EPA is required by Section 109(d) the Clean Air Act to review the adequacy of each National Ambient Air Quality Standard (“NAAQS”) every five years to determine if new scientific evidence justifies a change to the standard.  The current primary[i] NAAQS for nitrogen dioxide (“NO2”) is 53 ppb annual mean and 100 ppb NO2 as


The general rule under Louisiana law has long been that any activity that results in emissions of air pollutants must obtain an air permit from the Louisiana Department of Environmental Quality (LDEQ) unless a specific exemption applies. There are a few broad statutory and regulatory exemptions, such as activities conducted on residential property (with minor


On August 12, 2016, the Secretary of the Louisiana Department of Environmental Quality issued an Emergency Administrative Order to provide relief from otherwise applicable state-issued environmental permit terms and rules in order to manage the situations created by the unprecedented flooding in southern Louisiana. The Order is available here.  The Order applies to the

On September 2, 2011, President Obama announced that he had requested the Environmental Protection Agency to withdraw the proposed revision to the primary National Ambient Air Quality Standard for ozone at this time. A White House press release quoted the President as stating:

“I have continued to underscore the importance of reducing regulatory burdens and regulatory uncertainty, particularly as our economy continues to recover. With that in mind, and after careful consideration, I have requested that Administrator Jackson withdraw the draft Ozone National Ambient Air Quality Standards at this time. Work is already underway to update a 2006 review of the science that will result in the reconsideration of the ozone standard in 2013.” 1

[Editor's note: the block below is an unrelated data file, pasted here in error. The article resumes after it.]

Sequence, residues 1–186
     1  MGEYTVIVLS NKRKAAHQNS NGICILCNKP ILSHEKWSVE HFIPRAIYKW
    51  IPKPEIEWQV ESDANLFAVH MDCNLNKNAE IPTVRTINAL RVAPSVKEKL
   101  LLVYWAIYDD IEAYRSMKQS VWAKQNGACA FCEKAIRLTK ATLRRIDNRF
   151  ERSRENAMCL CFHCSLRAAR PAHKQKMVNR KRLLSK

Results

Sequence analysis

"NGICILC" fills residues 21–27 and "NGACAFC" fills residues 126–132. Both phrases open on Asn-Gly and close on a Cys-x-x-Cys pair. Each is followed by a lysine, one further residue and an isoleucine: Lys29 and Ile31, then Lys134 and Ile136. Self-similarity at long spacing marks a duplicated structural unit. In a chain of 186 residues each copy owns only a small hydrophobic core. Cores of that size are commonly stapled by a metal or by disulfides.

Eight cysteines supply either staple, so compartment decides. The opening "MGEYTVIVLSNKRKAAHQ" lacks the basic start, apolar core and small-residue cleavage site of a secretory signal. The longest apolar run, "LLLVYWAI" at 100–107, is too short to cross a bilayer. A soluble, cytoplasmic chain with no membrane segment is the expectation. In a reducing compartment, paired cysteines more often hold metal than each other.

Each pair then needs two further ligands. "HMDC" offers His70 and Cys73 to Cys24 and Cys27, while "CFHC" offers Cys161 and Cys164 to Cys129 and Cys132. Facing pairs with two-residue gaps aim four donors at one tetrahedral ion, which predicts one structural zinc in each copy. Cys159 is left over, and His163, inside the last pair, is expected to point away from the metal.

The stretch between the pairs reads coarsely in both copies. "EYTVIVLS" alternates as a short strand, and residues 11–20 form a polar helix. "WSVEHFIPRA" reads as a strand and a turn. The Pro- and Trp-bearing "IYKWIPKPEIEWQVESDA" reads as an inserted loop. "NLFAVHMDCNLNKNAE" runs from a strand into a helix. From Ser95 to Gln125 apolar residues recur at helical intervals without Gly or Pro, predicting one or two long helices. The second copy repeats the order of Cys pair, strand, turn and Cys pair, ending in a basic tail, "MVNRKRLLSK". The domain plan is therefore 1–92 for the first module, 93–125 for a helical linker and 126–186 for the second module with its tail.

The request was delivered to EPA Administrator Lisa Jackson via a letter from Cass Sunstein, Director of the Office of Management and Budget. The letter stated that the decision was based on the President’s Executive Order 13563, which emphasizes that “Our regulatory system must protect public health, welfare, safety, and our environment while promoting economic growth, innovation, competitiveness, and job creation.” The letter from OMB indicated that EPA was already in the process of reviewing the ozone standard again based upon the most recent science and is required to complete that review by 2013. It urged EPA to complete that process. However, OMB indicated that the President requested that EPA “reconsider” its proposed rule in light of the directives of the Executive Order, in particular, to “promote predictability and reduce uncertainty.” The OMB letter flatly stated that President Obama did not support EPA’s proposed rule and that regulatory agencies should take action consistent with the President’s priorities. 2

Continue Reading Louisiana Affected By President Obama’s Action on Ozone Standard Reconsideration